Diagnosing appendicitis by ultrasonography was first described by Puylaert in the 1980s.1 However, many factors have prevented this modality from becoming standard of care in the diagnostic work-up of appendicitis. Its limitations were further highlighted in 1994 when Balthazar et al. reported on 100 cases of appendicitis, comparing ultrasound with computed tomography (CT) scanning; the study showed better accuracy, negative predictive value (NPV), and sensitivity with CT scanning.2
However, while CT scanning has become the standard of care in the diagnosis of appendicitis in both children and adults, its liberal use has come under fire recently because of the risk of malignancy due to its ionizing radiation.3 To prevent excessive radiation, multiple authors have proposed a protocol utilizing ultrasound as the first diagnostic modality for suspected appendicitis, followed by CT scan of the abdomen if the ultrasound is negative or equivocal.4-6 This algorithm is feasible because of the inherent testing characteristics of ultrasonography in appendicitis. A meta-analysis by Doria et al. lists the overall sensitivity of ultrasound as 88% and 83% and its specificity as 94% and 93%, for children and adults, respectively.7 These characteristics make ultrasonography a good “rule in” test to confirm appendicitis as its specificity rivals that of CT scanning in some studies.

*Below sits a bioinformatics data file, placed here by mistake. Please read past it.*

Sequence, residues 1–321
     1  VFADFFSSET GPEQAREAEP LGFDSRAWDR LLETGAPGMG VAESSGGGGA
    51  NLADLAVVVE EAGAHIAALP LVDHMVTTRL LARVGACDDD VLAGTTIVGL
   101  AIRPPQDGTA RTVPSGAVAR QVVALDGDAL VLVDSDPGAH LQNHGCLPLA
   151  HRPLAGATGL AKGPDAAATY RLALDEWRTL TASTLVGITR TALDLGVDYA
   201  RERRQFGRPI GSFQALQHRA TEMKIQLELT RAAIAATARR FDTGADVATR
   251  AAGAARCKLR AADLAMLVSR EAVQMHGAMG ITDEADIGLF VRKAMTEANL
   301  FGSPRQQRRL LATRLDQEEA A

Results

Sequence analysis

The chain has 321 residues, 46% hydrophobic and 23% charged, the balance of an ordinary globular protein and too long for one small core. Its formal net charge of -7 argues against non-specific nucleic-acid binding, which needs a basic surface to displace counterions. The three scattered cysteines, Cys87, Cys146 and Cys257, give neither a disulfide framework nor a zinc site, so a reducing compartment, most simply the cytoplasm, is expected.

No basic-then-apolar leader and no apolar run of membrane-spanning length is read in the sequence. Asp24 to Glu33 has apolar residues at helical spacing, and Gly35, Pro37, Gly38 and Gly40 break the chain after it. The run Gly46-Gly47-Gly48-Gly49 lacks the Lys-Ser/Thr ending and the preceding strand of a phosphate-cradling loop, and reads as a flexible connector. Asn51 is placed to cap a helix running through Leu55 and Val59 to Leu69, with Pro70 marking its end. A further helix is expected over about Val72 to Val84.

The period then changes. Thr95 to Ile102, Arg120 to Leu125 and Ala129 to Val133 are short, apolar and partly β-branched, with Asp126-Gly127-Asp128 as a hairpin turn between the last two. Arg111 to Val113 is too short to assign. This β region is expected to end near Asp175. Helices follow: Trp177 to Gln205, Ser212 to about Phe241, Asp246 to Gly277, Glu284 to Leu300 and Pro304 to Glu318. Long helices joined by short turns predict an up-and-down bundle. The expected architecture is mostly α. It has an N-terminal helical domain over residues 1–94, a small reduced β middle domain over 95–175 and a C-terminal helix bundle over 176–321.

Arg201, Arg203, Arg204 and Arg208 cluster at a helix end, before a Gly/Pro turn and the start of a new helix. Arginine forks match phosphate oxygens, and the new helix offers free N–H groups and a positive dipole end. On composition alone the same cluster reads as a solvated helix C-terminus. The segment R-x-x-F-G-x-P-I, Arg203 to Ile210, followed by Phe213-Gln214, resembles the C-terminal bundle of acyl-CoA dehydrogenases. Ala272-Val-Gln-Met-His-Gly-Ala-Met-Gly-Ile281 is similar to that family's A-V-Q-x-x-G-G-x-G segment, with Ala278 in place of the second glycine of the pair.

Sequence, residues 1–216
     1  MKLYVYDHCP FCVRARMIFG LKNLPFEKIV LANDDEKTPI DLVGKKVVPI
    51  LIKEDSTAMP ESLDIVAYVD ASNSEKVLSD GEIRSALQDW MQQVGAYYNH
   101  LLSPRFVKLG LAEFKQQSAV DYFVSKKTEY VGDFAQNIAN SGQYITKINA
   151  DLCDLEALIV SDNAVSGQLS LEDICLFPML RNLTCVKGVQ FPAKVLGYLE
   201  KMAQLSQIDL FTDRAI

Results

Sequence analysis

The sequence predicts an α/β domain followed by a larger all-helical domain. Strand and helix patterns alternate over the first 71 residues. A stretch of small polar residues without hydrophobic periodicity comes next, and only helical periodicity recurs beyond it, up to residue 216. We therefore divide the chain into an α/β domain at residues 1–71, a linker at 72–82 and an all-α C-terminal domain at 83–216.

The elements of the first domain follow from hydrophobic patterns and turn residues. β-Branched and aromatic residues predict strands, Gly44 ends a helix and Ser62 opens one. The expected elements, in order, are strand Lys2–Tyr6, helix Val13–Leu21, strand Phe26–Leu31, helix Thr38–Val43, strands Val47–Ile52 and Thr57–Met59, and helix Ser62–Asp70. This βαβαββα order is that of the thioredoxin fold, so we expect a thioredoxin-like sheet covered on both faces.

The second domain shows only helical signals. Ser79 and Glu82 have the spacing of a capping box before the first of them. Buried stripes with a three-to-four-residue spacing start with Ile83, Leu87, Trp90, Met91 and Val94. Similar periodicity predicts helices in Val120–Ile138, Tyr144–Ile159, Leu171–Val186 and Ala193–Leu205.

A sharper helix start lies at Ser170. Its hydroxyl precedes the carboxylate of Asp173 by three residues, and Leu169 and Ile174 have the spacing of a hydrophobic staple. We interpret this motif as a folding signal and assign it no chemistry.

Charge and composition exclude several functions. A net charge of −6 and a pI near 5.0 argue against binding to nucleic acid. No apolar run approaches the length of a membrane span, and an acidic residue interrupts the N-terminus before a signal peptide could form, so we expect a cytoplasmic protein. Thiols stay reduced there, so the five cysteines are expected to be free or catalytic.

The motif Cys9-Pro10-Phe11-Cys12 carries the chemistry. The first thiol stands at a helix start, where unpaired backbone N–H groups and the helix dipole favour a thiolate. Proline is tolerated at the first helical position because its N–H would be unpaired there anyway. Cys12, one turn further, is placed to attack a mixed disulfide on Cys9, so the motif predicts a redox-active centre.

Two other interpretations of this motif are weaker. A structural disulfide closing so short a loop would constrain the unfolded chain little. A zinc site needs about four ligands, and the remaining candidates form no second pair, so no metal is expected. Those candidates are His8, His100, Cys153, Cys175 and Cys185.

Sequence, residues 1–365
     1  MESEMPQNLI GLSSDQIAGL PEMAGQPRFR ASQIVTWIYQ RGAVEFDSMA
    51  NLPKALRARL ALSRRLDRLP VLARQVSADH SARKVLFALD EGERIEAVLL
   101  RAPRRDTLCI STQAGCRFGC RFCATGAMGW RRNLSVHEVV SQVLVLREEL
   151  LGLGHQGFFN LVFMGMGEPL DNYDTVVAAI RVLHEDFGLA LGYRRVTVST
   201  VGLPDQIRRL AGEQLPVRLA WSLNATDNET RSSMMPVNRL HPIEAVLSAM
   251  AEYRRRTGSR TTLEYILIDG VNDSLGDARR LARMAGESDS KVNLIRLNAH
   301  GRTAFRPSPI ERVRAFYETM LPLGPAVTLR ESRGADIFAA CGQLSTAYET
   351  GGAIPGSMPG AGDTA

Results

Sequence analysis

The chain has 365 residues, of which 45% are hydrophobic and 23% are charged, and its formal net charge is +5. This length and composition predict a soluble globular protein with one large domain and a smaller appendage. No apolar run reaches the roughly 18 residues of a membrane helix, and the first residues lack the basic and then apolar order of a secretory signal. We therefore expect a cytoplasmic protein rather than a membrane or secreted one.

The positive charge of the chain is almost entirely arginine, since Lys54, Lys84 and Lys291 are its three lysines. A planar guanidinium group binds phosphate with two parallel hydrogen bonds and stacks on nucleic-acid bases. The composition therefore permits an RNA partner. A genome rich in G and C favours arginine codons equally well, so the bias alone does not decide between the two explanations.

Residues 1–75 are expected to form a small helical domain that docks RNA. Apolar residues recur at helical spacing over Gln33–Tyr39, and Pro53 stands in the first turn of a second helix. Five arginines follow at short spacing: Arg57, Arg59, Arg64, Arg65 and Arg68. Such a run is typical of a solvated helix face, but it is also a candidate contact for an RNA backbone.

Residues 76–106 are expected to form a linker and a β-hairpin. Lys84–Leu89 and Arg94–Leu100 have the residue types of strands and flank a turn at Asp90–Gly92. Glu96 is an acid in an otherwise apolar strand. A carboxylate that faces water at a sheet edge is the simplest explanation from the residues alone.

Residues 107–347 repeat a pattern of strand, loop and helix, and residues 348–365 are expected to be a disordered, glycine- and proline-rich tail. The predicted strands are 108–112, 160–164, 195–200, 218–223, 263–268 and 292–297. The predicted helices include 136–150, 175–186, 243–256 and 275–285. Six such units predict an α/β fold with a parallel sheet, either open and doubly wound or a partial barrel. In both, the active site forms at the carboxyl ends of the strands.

Unfortunately, its poor sensitivity in comparison to CT does not allow it to be utilized as a good “rule out” test, necessitating additional testing if the ultrasound result is not positive for appendicitis. Ultrasound is more accurate for detecting appendicitis in the pediatric population because the abdominal musculature of children generally has less fat content.8-10
The opposite is true of CT scans, where intraperitoneal fat actually improves the diagnostic accuracy for appendicitis.11 In this way, the protocol of ultrasound first followed by CT scan is ideally suited to help avoid ionizing radiation in pediatric patients. However, in today’s overcrowded ED, time and inability to perform the ultrasound examination are commonly cited as reasons for not obtaining an ultrasound examination in patients with suspected appendicitis. The literature shows that nonradiologists can perform this examination and obtain specificities as high as radiologists, even during the “off hours” between 5 p.m. and 8 a.m., when there is traditionally no radiology backup.12